Skip to comments.John O'Neill, The man who knew.
Posted on 09/06/2003 6:17:27 AM PDT by Valin
With the 3rd anniversary coming up I thought I would repost this. Please click of source.
And the info in the documentary fits well with the new Miniter book on the Clinton administration's failures to deal with AQ and other terrorists.
PBS, in their liberal/misguided fog, nailed one.
Bump for an interesting, revealing, horrifying, sad, ironic story.........and a good piece of tele-journalism.
He appears to have been a very colourful character. It's very sad that he got out of the second tower quickly and was talking to his loved ones on his cell phone - on and off - for about half an hour, in between helping people. Yet he still died.
I keep telling people that Frontline is NOT the unremitting platform of leftist spin that it was years ago. I don't know quite what happened, or why, and of course the lib-spin will reemerge from time to time, but over the last few years they have done many very excellent documentaries.
In addition to The Man Who Knew, they also did one on Robert Baer, possibly the best Middle East agent of the last couple decades, probably the only Western intelligence agent to ever operate within the Bekka Valley, and who solved the Beruit Embassy bombing of '83 (Terrorfat did it on Iran's orders). Battle for the Holy Land was very fair to the Israelis, explaining in detail the rational for their "targeted killings," the political/judicial process of vetting targets, and highlighting IDF professionalism. The War Behind Closed Doors, about the origin of the doctrine of "preemption," was likewise very fair to Wolfowitz and the "neocon" hawks (and I say this as an advocate of that ilk). What else? Oh, yeah, their Muslims, although not without a few flaws, was worlds better than the shamlessly hagiographic PBS doc Mohammed: Legacy of a Prophet, and included many experts freepers would respect. Finally they did a whole series of docs on Iraq, and never shyed away from exposing the brutality of Saddam or his lies.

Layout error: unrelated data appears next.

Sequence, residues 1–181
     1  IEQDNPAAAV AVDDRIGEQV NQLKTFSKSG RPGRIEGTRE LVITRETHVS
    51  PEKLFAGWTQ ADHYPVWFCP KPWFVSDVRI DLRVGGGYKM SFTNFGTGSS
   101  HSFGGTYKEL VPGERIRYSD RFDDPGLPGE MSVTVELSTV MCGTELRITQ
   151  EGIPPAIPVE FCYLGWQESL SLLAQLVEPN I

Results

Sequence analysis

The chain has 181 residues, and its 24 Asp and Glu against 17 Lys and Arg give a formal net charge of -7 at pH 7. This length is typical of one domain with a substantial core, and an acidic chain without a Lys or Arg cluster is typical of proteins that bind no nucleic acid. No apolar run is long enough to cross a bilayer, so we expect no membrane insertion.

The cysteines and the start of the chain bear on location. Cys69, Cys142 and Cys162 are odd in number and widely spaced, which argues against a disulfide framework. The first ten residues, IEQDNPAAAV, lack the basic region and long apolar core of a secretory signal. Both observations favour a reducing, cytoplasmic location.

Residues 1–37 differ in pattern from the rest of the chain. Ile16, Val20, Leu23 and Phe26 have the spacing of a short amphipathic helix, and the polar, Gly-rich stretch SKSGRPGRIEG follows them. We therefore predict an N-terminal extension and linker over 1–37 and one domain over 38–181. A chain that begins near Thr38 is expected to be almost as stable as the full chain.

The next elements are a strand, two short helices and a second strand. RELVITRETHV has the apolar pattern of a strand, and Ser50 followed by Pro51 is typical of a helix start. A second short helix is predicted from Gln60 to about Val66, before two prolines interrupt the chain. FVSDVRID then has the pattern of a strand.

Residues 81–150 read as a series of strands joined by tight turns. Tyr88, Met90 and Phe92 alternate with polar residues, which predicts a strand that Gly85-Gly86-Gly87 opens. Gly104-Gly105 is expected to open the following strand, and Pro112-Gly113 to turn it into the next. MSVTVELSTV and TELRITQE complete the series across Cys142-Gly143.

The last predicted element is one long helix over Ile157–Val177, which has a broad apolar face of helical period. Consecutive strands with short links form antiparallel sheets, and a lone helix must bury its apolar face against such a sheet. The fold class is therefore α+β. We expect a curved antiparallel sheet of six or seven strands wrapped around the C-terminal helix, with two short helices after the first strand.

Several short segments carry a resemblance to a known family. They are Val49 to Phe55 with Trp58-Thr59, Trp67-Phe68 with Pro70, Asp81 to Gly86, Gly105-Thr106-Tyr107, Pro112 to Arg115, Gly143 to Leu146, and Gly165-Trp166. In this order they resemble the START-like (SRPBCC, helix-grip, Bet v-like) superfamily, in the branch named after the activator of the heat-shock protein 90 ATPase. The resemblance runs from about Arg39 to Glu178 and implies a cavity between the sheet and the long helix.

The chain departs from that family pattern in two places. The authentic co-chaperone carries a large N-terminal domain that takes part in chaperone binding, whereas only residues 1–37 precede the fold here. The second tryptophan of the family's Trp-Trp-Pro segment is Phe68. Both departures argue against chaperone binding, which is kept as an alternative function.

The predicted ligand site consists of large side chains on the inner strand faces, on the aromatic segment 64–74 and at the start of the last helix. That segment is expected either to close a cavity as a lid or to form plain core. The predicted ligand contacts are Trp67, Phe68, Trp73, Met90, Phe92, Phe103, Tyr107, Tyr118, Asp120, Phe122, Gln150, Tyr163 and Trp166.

FRONTLINE's new season launches on Oct. 9 with "Truth, War, and Consequences," a 90-minute report examining why the U.S. went to war in Iraq, just how well the U.S. planned for the post-war occupation, and what the prospects are for peace. Are we building democracy in Iraq? Or have we created a failed state that will breed the terrorism we went to war to defeat? Featuring interviews with key players, in Washington and Baghdad, in charge of planning the war and securing the peace, the report will also include exclusive footage of U.S. raids on suspected Baathist insurgents, looted nuclear sites, and skirmishes between Iraqis and U.S. soldiers.
And on Oct. 16, FRONTLINE and The New York Times join forces to investigate the battle against terrorism here at home. In "Chasing the Sleeper Cell" -- the first in-depth examination of a major, ongoing domestic terrorism case involving Al Qaeda operatives and U.S. citizens they trained -- we investigate the real story behind the group that U.S. intelligence called "the most dangerous terrorist cell in America." How effective are the FBI and the CIA? And are their new tools the right ones to contain the threat at home?
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